Saturday, November 5, 2011



In India there lived a very intelligent and well-respected man, who was the prime minister of a king. One day he thought himself, "Why am I doing this job? I am doing it only for money. I should give it up and simply worship Lakshmi, the goddess of wealth. Then wealth will come to me."


The next day he resigned his position and went to live by a river. Every day he repeated the mantras to Lakshmi and worshipped her according to the Vedic tradition. The Vedic rituals are very scientific. In ancient times, the sages used to worship the god of rain, and the result was that there were no droughts. In the same way, it was believed that if someone worshipped the goddess of wealth, he would be rewarded with wealth.


Twelve years went by, and not only did the prime minister not receive anything, but he used up all his money and became beggar. Finally he thought, this is useless. No wealth is going to come to me. I will take sanyasa initiation and become a monk.


So he went off and took initiation into monkhood. A few days later, he was sitting on top of a mountain, meditating. At the end of his meditation, he opened his eyes and saw a beautiful woman standing before him. She was shining as if it was made of gold. He was astounded by her beauty.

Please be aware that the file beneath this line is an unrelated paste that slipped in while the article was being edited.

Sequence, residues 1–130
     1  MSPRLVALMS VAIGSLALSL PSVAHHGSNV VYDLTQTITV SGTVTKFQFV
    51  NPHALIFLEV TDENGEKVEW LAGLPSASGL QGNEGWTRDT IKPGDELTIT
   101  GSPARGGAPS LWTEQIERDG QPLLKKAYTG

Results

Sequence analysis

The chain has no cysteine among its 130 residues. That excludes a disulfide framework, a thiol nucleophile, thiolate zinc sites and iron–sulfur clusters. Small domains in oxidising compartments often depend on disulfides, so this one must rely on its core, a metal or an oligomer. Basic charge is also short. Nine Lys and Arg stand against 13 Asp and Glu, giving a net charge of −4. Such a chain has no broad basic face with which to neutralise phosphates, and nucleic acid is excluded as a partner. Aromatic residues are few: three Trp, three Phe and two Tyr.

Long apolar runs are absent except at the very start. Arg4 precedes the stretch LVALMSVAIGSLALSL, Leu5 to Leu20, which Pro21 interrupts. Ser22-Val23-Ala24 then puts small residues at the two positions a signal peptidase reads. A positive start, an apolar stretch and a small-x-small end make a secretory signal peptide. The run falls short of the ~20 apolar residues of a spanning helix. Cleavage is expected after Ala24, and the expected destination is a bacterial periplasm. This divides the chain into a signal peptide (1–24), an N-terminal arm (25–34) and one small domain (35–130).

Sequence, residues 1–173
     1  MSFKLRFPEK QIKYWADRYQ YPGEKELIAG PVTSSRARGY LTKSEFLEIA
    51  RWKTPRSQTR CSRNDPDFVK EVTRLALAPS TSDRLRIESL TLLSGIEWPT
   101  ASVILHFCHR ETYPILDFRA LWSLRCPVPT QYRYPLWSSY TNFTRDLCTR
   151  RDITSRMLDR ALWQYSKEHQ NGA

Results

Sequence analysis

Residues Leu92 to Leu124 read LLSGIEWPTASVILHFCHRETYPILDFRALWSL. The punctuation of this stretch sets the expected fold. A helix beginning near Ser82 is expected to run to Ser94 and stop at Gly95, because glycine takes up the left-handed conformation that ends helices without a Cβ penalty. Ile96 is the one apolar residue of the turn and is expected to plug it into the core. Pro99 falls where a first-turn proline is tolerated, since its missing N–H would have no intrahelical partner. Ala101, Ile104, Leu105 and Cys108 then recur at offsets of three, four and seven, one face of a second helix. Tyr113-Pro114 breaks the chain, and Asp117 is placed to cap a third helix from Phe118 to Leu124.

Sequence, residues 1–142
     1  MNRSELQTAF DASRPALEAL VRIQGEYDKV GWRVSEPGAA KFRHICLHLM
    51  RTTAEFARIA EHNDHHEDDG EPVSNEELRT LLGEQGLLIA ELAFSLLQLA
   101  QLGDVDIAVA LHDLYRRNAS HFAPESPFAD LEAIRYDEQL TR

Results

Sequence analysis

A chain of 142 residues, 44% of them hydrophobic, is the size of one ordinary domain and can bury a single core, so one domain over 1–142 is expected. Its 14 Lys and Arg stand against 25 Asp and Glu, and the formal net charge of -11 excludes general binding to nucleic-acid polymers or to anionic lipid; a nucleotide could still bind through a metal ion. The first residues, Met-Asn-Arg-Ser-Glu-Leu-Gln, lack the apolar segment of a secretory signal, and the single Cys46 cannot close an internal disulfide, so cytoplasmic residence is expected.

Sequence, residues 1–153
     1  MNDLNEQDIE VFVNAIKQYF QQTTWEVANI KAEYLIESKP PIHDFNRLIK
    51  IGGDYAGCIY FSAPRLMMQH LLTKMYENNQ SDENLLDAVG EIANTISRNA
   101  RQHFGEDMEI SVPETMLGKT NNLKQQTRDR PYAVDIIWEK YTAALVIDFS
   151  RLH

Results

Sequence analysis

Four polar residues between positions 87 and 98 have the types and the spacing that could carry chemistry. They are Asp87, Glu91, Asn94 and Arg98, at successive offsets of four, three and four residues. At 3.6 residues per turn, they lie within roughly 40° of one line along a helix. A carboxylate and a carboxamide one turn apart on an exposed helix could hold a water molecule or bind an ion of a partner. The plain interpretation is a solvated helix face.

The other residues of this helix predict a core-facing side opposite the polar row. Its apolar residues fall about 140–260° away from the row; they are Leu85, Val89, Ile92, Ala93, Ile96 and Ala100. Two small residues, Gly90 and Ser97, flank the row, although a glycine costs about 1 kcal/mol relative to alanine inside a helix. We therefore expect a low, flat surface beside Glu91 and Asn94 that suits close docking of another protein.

"What are you doing here?" he asked.


"I am here to see you," the woman said, "You invited me, and I have come."


"What are you talking about?" asked the monk. "I never invited you. I'm a monk."


"Did you recite the hymns to Lakshmi for twelve years?"




"I am Lakshmi."


The monk prostrated before her and said, "I worshipped you for so long, but you never come. Why have you come now?"


"You had accumulated so many sins and so many karmas that your worship could not bear fruit. Finally, when you took sanyasa, all your sins were burnt up and you became completely pure. That is why I have come to you now."


"But I no longer have any use for you," said the monk.


"Still, I cannot leave you," Lakshmi said, "You performed the worship, and now you have to experience the fruits."


"In that case," said the monk, "give me the wealth of knowledge."


Lakshmi agreed to do this. The monk became a storehouse of knowledge and received the name Vidyaranya, which means 'the forest of knowledge.'


He wrote a great book called the Panchadashi, which is still studied by everyone who learns Sanskrit. This book is available in English at the following link:

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